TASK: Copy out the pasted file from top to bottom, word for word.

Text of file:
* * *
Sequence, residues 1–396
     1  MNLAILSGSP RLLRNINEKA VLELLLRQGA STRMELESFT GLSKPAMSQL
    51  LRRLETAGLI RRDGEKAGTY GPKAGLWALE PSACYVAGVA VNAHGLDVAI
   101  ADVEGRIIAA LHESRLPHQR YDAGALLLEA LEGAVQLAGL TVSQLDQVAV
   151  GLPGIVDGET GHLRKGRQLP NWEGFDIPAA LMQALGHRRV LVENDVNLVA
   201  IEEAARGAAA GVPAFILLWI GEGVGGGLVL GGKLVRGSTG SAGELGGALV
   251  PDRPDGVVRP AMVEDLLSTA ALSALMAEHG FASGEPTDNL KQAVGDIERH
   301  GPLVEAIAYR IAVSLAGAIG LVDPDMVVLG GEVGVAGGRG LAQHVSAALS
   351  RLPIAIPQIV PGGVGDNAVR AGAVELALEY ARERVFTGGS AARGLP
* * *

Sequence, residues 1–396
     1  MNLAILSGSP RLLRNINEKA VLELLLRQGA STRMELESFT GLSKPAMSQL
    51  LRRLETAGLI RRDGEKAGTY GPKAGLWALE PSACYVAGVA VNAHGLDVAI
   101  ADVEGRIIAA LHESRLPHQR YDAGALLLEA LEGAVQLAGL TVSQLDQVAV
   151  GLPGIVDGET GHLRKGRQLP NWEGFDIPAA LMQALGHRRV LVENDVNLVA
   201  IEEAARGAAA GVPAFILLWI GEGVGGGLVL GGKLVRGSTG SAGELGGALV
   251  PDRPDGVVRP AMVEDLLSTA ALSALMAEHG FASGEPTDNL KQAVGDIERH
   301  GPLVEAIAYR IAVSLAGAIG LVDPDMVVLG GEVGVAGGRG LAQHVSAALS
   351  RLPIAIPQIV PGGVGDNAVR AGAVELALEY ARERVFTGGS AARGLP